This tactic is similar to “Color the Choices,” but with the weak you have to be more aggressive. Work on their emotions—use fear and terror to propel them into action. Try reason and they will always find a way to procrastinate.

Brothers in Crime. This is a classic con-artist technique: You attract your victims to some criminal scheme, creating a bond of blood and guilt between you. They participate in your deception, commit a crime (or think they do—see the story of Sam Geezil in Law 3), and are easily manipulated. Serge Stavisky, the great French con artist of the 1920s, so entangled the government in his scams and swindles that the state did not dare to prosecute him, and “chose” to leave him alone. It is often wise to implicate in your deceptions the very person who can do you the most harm if you fail. Their involvement can be subtle—even a hint of their involvement will narrow their options and buy their silence.

The Horns of a Dilemma. This idea was demonstrated by General William Sherman’s infamous march through Georgia during the American Civil War. Although the Confederates knew what direction Sherman was heading in, they never knew if he would attack from the left or the right, for he divided his army into two wings—and if the rebels retreated from one wing they found themselves facing the other. This is a classic trial lawyer’s technique: The lawyer leads the witnesses to decide between two possible explanations of an event, both of which poke a hole in their story. They have to answer the lawyer’s questions, but whatever they say they hurt themselves. The key to this move is to strike quickly: Deny the victim the time to think of an escape. As they wriggle between the horns of the dilemma, they dig their own grave.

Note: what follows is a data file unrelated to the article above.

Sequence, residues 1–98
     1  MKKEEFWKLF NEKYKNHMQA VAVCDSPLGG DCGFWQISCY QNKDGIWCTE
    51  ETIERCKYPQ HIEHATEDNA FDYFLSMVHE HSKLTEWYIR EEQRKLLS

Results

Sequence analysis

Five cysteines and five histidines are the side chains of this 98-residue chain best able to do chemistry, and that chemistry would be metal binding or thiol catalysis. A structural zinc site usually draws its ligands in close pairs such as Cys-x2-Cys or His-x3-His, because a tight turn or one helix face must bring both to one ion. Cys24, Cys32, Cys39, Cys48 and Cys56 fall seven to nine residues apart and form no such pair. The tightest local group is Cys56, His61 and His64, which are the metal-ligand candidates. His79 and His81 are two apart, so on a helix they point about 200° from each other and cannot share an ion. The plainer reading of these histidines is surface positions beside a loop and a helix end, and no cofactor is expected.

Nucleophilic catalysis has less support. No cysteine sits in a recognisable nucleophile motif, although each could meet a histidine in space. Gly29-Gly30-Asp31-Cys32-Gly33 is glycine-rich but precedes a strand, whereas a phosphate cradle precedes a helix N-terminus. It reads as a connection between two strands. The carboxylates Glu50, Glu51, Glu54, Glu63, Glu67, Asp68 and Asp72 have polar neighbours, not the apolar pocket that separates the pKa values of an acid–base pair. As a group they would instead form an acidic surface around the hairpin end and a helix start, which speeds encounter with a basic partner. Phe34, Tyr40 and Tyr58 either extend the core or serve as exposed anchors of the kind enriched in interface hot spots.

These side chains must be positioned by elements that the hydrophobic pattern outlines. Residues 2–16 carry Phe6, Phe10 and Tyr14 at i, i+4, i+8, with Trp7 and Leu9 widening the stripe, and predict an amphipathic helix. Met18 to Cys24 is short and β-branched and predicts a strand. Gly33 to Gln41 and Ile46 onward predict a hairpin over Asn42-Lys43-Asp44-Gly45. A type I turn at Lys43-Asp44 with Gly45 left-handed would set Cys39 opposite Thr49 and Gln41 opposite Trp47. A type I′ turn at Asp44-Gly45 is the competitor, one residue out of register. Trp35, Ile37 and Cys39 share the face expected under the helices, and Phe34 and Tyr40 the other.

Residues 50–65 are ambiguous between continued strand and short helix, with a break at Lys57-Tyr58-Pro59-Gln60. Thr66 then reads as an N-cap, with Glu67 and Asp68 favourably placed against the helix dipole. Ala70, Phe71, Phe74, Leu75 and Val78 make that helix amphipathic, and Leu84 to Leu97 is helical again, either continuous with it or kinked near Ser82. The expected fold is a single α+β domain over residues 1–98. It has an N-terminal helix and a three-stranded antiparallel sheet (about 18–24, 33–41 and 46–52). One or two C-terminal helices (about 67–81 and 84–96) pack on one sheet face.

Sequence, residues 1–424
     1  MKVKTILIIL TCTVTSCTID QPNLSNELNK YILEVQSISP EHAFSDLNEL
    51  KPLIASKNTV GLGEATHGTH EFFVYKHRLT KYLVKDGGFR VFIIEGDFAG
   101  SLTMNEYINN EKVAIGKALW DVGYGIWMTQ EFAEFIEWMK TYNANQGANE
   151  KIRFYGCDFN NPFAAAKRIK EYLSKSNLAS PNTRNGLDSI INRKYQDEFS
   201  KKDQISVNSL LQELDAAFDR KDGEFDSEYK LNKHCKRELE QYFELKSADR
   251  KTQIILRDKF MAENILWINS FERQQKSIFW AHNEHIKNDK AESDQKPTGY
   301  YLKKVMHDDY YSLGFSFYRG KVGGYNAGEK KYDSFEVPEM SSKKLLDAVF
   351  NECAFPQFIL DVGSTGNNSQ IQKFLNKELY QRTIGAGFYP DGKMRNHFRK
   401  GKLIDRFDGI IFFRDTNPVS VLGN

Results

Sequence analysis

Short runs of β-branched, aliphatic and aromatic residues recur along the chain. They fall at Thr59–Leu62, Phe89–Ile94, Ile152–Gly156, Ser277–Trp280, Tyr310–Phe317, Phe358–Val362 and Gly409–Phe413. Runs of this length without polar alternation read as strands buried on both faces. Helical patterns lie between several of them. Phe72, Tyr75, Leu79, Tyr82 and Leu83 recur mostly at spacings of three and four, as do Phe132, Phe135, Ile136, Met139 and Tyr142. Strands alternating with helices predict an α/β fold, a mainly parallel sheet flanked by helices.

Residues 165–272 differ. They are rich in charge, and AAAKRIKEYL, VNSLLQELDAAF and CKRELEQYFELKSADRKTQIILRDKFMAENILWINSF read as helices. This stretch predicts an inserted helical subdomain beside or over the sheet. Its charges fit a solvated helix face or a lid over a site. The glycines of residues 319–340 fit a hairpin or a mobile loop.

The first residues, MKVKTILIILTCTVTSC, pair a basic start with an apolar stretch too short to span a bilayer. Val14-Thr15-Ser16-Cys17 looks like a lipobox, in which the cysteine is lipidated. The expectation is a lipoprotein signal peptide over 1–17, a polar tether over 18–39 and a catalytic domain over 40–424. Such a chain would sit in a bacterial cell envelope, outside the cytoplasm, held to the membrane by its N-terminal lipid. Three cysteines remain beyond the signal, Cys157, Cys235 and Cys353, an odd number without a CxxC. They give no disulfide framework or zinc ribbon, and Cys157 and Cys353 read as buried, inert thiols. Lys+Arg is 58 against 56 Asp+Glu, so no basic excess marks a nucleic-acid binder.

Understand: In your struggles with your rivals, it will often be necessary for you to hurt them. And if you are clearly the agent of their punishment, expect a counterattack—expect revenge. If, however, they seem to themselves to be the agents of their own misfortune, they will submit quietly. When Ivan left Moscow for his rural village, the citizens asking him to return agreed to his demand for absolute power. Over the years to come, they resented him less for the terror he unleashed on the country, because, after all, they had granted him his power themselves.

This is why it is always good to allow your victims their choice of poison, and to cloak your involvement in providing it to them as far as possible.

Image: The Horns of the Bull. The bull backs you into the corner with its horns—not a single horn, which you might be e able to escape, but a pair of horns that trap you within their hold. Run right or run left—either way you move into their piercing ends and are gored.

Authority: For the wounds and every other evil that men inflict upon themselves spontaneously, and of their own choice, are in the long run less painful than those inflicted by others. (Niccolò Machiavelli, 1469-1527)


Controlling the options has one main purpose: to disguise yourself as the agent of power and punishment. The tactic works best, then, for those whose power is fragile, and who cannot operate too openly without incurring suspicion, resentment, and anger. Even as a general rule, however, it is rarely wise to be seen as exerting power directly and forcefully, no matter how secure or strong you are. It is usually more elegant and more effective to give people the illusion of choice.

On the other hand, by limiting other people’s options you sometimes limit your own. There are situations in which it is to your advantage to allow your rivals a large degree of freedom: As you watch them operate, you give yourself rich opportunities to spy, gather information, and plan your deceptions. The nineteenth-century banker James Rothschild liked this method: He felt that if he tried to control his opponents’ movements, he lost the chance to observe their strategy and plan a more effective course. The more freedom he allowed them in the short term, the more forcefully he could act against them in the long run.

You'll Also Like